John Turner has staged a one-man revival of the recorder, commissioning, recording, encouraging and enthusing wherever he goes. This collection is one of his most significant contributions.

A collection of two CDs of music for recorder and piano or solo recorder (in fact largely for the two instruments) may suggest an endurance test. In practice such is the variety of expression on these discs and the brevity of the individual movements ones endurance is hardly ever tested. The market for this set will be further enhanced by the AEB (so I understand) having selected some of the pieces as set works for the exams.

GEOFFREY POOLE Skally Skarekrow's Whistling Book ([7.28] 1 Clouds (with silver linings) 2 Spring Breezes 3 Sunshine 4 Hailstones)

A masterfully varied suite from the one-time choral conductor. They run the gamut from tumbling clatter hurling notes around the hall, to rumba, to brightly-lit Shostakovich but began with Clouds: second cousin to Rubbra's affecting Plusieurs Regrets.

MICHAEL BALL Prospero's Music [9.49]. From a Scottish skirl and snap to sections reminiscent of Shostakovich and De Falla (nice blend!) to the barbed dissonance of the central section it is evident that Ball's is a fine imagination.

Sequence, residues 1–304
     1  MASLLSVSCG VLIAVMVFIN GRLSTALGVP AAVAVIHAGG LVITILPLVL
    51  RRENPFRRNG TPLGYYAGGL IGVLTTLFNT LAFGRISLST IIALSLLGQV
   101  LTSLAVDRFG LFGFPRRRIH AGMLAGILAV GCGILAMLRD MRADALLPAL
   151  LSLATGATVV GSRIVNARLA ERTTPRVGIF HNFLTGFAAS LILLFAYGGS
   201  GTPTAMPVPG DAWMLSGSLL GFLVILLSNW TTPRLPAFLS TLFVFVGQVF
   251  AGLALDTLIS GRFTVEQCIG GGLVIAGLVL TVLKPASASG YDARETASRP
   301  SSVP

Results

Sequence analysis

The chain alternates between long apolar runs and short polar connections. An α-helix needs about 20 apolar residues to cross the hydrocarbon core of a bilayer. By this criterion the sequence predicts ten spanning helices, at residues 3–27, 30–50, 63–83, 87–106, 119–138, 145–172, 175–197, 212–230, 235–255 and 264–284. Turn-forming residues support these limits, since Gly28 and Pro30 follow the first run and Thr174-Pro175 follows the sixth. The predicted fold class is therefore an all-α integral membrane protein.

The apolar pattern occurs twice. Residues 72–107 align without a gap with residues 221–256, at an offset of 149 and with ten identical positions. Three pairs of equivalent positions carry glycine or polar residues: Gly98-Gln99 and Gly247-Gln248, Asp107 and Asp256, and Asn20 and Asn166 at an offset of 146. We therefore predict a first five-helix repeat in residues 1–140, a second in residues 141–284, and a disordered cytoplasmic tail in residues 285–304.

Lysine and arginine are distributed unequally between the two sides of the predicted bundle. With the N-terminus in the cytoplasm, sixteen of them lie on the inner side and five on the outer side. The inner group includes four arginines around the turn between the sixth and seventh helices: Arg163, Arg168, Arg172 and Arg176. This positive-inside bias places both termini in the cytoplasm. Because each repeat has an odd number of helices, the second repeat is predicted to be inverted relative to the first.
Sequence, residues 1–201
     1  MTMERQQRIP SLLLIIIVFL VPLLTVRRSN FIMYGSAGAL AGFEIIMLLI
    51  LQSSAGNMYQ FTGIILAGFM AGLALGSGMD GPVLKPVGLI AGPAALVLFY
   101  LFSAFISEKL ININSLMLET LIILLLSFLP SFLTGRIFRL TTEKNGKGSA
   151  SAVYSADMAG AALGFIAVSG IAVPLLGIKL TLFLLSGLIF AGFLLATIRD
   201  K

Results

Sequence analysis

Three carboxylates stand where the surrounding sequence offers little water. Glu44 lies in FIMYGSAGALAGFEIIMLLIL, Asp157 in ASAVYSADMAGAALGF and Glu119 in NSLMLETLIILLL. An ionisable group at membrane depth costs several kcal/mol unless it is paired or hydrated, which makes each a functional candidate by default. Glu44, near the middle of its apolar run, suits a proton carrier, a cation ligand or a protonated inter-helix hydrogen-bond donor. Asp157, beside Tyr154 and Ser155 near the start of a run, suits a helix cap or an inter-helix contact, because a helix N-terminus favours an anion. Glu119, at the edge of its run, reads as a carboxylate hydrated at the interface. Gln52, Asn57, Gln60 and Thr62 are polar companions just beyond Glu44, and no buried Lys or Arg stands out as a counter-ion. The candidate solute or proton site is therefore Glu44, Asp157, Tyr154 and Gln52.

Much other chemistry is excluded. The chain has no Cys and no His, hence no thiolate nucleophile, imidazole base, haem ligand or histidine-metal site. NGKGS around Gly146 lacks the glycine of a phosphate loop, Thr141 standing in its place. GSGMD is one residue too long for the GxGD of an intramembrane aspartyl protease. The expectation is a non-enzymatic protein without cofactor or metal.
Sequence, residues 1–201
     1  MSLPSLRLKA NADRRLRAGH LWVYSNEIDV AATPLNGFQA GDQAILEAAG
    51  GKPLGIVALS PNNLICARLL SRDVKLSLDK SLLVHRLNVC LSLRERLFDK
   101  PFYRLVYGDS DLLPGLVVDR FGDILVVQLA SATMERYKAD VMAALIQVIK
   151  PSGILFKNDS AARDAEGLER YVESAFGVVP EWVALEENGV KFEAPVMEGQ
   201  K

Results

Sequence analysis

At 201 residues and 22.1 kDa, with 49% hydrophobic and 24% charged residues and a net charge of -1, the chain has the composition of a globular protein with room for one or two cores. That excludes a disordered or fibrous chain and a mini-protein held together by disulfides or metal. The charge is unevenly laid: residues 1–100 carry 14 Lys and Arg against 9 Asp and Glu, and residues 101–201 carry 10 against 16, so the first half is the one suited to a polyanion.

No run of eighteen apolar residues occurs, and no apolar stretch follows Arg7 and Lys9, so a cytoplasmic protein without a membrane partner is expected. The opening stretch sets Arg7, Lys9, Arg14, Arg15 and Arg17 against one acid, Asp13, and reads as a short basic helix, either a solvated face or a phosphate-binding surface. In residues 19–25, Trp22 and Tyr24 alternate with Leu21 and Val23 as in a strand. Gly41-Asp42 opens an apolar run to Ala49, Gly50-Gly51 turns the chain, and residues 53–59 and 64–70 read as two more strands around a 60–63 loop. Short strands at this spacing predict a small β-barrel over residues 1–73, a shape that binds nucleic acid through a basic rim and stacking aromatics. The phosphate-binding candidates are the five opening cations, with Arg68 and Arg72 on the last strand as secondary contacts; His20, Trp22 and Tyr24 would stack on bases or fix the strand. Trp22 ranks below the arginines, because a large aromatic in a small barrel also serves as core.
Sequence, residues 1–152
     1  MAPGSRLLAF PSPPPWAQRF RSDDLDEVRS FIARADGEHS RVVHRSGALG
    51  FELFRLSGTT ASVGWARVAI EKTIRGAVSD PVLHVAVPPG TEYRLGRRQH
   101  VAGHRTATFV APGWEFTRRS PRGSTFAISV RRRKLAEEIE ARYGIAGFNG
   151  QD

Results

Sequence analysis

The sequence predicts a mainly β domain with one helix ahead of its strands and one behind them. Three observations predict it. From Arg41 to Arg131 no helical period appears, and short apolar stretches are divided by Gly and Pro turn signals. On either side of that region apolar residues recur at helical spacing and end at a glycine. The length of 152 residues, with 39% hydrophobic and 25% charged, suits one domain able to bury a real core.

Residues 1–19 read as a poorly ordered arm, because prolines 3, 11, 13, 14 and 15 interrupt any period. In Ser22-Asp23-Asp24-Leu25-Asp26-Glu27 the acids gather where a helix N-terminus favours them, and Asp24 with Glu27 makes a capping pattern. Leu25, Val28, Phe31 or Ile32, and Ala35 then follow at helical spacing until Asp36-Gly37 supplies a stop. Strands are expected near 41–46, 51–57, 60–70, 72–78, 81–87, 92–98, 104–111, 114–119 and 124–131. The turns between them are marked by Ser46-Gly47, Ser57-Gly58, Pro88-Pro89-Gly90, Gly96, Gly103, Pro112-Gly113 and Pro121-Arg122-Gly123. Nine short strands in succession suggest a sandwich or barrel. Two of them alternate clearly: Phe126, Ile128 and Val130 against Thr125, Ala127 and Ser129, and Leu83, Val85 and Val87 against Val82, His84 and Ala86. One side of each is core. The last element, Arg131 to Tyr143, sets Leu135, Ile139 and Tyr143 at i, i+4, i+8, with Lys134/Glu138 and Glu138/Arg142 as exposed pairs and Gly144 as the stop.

ALAN BULLARD Recipes ([9.45] 1 Coffee and Croissants 2 Barbecue Blues (when the fire goes out) 3 Prawn Paella 4 Special Chop-Suey 5. Fish and Chips)

These are high quality musical postcards: Continental serenade, hurdy-gurdy sentimentality, purring and bubbling jazziness, a Carmen fantasy, Chinoiserie with a dash of the puys of the Auvergne and a final knotted hanky knees-up.

ALAN RAWSTHORNE Suite ([6.01] 1 Sarabande 2 Fantasia 3 Air 4 Jig)

These pieces are all very brief with a Lambertian elegy, an insistently cool sea-chanty, a Bach-like air and a jig that seems to conjure up the phantasmal dance of a one-legged man (remember Delius's Beggars' Dance from Hassan?)

NICHOLAS MARSHALL's Caprice (1.39) reveals a lyric voice yielding Waltonian/Finzi gentleness while DOUGLAS STEELE's Song (3.22) gains height from sorrow to joy; comforting and strong music.

ROBIN WALKER A Book of Song and Dance ([17.57] 1 Song 1 2 My Luv 3 Idyll 4 Song 2 5 Rite 6 Dance I 7 Canon 8 Shenandoah 9 Dance2 10 Clark Sanders 11 Tired Boy)